When I would think of money and budgeting, it used to bring to mind all the restrictions I’d have to put on myself. I would think of all the money I didn’t have and how much I didn’t have to spend. So I decided to change my attitude toward money, and I discovered that budgeting isn’t about limiting yourself. It’s about removing barriers that are keeping you from what you really want. I believe that budgeting is one sure way to free yourself and open yourself up to new possibilities.
I’ve always been a good saver, but I have always struggled with money and budgeting. My own problems with money and budgeting stemmed from my attitude toward money. I am not a materialistic person; I used to think that having money, or rather chasing money was superficial. I am by far not a superficial person. I never used to think about the long term, but I was very good at saving for fairly immediate goals. Now I realize that my money can be spent in the ways I want to spend it, and that I am the one who dictates that.
The first step to increasing your budgeting capabilities is to be honest with yourself. A lot of people look at their finances and can’t be honest with themselves. Create your budget based on what is happening in your life and your bank account now, not what you hope may be happening in a month or a year. Don’t plan your budget from an ideal. Honesty, as hard as it might be, will save you grief later on. Look at the hard numbers, and deal with what is most immediate first.
Reaching positive results takes progressive thinking and even more so, productive action. When you create a budget, it is easy to only focus only on the necessities and leave out all of the fun stuff. This is why it becomes so hard to stick with the budget that you have created. I say plan your pleasures, which means budget for your indulgences as well as your necessities. If you want to go bungee jumping on your upcoming birthday in 6 months, start figuring out now how you are going to fund that experience. If you are like me and have a shoe addiction, set some money aside for the occasional splurges. Think about how often you shop, and set some perimeters. Saving money by budgeting is all about plotting a course of action so that you are not stuck at the end of the month trying to figure out how to make it to the next paycheck.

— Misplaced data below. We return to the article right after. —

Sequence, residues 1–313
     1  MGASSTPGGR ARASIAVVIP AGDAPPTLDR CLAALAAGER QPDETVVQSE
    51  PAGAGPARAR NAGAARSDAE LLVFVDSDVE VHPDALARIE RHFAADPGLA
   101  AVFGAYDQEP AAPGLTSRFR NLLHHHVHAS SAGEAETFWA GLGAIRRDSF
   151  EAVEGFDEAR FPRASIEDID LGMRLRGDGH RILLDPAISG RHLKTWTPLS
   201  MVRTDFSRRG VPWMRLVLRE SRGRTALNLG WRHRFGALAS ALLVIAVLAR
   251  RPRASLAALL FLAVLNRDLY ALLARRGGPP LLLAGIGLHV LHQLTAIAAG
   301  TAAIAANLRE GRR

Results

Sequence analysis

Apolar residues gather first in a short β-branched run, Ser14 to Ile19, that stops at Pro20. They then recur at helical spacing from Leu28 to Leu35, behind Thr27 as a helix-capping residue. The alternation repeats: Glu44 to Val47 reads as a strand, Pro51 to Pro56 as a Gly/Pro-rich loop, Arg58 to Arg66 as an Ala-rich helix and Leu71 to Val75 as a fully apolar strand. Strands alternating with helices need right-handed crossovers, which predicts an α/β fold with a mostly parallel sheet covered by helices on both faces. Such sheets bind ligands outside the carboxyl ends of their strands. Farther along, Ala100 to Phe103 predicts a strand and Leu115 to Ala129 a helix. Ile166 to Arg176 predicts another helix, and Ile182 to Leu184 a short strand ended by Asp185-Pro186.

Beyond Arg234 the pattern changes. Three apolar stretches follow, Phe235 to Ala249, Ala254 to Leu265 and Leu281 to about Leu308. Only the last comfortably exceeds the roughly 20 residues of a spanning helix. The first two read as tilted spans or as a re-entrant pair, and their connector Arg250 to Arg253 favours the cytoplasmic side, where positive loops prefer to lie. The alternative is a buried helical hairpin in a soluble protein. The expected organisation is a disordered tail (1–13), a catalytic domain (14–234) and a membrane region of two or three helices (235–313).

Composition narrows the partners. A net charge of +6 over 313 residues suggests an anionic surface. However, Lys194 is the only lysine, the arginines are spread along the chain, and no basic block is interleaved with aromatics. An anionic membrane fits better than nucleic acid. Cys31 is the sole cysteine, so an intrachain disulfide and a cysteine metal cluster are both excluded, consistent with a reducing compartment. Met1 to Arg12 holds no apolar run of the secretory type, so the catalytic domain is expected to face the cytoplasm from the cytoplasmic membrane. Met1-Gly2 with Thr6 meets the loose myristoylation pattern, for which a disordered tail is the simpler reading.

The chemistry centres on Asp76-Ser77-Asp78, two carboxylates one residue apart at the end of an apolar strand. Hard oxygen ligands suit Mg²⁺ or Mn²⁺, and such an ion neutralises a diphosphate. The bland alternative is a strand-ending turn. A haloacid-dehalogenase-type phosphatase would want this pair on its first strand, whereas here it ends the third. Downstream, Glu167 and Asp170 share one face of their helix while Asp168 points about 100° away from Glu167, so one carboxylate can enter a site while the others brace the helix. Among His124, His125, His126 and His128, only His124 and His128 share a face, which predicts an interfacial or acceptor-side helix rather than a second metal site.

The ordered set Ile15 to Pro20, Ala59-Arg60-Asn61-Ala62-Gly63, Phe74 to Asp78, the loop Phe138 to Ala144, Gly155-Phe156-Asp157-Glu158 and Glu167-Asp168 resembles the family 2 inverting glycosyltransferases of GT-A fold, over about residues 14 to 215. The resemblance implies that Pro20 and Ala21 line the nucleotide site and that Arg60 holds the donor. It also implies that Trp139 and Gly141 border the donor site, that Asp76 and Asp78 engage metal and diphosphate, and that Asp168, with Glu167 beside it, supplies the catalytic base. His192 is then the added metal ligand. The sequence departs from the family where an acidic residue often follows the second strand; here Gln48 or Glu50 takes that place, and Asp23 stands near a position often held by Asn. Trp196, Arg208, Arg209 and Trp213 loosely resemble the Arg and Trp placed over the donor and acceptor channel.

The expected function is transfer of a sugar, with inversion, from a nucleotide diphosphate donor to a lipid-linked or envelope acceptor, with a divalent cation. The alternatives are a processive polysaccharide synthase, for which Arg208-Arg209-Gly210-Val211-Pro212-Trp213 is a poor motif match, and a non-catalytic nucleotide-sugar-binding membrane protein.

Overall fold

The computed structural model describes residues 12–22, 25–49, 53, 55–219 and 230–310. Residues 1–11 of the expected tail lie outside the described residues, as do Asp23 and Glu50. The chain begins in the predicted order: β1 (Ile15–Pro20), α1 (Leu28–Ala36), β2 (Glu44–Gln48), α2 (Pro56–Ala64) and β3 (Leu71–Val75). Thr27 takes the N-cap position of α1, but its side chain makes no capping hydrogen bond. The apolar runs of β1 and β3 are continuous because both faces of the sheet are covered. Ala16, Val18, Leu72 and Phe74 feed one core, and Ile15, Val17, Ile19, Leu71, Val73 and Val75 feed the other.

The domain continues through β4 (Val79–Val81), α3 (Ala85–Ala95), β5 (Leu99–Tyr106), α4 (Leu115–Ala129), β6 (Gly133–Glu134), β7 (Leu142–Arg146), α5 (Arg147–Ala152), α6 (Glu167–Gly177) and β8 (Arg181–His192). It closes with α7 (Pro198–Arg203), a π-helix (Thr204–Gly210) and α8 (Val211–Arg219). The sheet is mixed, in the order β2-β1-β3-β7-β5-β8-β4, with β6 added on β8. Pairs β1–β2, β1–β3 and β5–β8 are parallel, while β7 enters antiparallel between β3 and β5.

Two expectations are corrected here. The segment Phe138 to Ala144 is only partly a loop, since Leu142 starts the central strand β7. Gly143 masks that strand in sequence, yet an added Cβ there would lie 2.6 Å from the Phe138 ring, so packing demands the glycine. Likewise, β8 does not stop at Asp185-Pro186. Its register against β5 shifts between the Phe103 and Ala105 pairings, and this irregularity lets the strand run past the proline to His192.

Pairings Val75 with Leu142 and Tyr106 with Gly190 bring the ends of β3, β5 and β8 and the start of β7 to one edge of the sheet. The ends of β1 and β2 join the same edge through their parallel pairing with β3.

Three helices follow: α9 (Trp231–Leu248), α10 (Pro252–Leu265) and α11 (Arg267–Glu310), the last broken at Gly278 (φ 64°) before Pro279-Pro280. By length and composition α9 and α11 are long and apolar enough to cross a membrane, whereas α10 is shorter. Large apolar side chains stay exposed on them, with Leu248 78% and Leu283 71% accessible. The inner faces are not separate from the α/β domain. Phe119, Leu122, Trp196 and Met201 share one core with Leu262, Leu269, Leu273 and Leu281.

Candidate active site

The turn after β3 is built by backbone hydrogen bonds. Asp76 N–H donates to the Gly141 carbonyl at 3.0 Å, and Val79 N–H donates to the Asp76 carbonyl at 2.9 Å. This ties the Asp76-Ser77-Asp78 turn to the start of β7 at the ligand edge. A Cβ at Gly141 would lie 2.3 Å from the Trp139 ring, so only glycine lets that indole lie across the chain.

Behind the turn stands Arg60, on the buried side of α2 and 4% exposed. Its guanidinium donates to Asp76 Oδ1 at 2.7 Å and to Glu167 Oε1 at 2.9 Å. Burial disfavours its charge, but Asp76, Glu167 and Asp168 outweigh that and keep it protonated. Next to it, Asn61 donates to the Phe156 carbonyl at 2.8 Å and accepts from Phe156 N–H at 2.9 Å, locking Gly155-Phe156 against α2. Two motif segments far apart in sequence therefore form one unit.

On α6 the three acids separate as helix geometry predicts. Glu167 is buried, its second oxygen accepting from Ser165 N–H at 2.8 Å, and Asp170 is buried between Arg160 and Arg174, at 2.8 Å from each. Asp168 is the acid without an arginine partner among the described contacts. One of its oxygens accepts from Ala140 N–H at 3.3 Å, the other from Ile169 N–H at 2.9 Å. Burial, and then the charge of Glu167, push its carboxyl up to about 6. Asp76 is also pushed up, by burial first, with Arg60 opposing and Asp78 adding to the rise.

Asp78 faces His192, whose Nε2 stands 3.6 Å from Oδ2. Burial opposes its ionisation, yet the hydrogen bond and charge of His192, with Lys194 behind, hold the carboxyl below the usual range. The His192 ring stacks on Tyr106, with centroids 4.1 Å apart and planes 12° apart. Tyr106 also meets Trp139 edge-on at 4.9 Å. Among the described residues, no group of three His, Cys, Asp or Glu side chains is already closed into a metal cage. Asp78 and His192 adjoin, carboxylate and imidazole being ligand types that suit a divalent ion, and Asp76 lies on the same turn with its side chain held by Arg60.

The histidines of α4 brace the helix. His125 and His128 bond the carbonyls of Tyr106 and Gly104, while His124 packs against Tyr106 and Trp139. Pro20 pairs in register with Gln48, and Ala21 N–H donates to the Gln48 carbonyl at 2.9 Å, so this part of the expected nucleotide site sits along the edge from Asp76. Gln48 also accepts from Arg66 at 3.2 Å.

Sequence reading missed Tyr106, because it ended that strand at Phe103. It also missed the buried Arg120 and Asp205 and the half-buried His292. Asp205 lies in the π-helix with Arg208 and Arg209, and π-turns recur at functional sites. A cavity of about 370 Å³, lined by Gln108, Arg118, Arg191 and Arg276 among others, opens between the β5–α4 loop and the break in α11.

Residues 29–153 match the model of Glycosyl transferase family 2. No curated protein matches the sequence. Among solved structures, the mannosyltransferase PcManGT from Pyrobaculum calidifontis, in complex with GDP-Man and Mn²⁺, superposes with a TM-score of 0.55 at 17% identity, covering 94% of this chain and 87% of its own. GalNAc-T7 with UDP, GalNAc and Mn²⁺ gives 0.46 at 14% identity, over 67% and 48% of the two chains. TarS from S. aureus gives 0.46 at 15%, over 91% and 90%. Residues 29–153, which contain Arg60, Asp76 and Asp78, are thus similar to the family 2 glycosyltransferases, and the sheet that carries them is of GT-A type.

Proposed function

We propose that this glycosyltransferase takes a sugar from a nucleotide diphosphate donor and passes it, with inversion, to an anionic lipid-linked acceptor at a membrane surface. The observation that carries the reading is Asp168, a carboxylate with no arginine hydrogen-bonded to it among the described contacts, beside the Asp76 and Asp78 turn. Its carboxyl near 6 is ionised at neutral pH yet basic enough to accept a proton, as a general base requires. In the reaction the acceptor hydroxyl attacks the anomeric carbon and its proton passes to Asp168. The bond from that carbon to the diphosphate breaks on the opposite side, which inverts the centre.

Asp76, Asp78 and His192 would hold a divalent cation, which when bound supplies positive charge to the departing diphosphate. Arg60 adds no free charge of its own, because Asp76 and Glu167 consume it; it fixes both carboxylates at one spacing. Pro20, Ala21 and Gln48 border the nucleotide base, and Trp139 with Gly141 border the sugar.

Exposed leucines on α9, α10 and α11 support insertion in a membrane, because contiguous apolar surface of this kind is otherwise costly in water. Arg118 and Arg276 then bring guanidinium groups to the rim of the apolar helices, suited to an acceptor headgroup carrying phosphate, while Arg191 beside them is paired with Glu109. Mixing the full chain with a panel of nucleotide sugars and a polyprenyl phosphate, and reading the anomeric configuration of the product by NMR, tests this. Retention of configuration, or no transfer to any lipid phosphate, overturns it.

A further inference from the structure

Having concrete goals to plan for, to work for and to save for is the best way to follow through once you have created a budget. It is full-proof motivation. Five years ago, I started out with $100 in my savings account, and my take home pay was stunningly low. My goal was to get $5, 000 in the bank in two years. By budgeting, cutting back on what I didn’t need and scaling back on the things I did, I reached my goal a year late, but had $5,000 in savings. Today, I have doubled that amount. Goals, large and small can take you far. I don’t deprive myself of experiences, and I don’t always stay home. I created my budget to mirror what my priorities are. Look at your priorities and then look at where your money is going. They are tied together, and if you adjust your priorities, you will see a shift in your spending habits.
Everyone always says, budget for the unexpected. I totally agree. You should always include a line for unexpected expenses. When I began really thinking about it, I realized what I was doing. I was budgeting for savings. Creating a budget is not only about what I have left over to spend, but mostly about what I have that I can save. Having savings can be freeing, motivating, and encouraging. I am currently planning an intimate wedding, and in the beginning I had all of the money I needed already in my savings. I was not held down by what I didn’t have, but simply how much of my savings I was willing to part with.
I have never felt more secure about my money and budgeting situation then I do today. I have done it by budgeting wisely and following through, living modestly, organizing priorities, and creating goals that I can complete. Having an empowering attitude toward money enables me to live, and budget the way I want.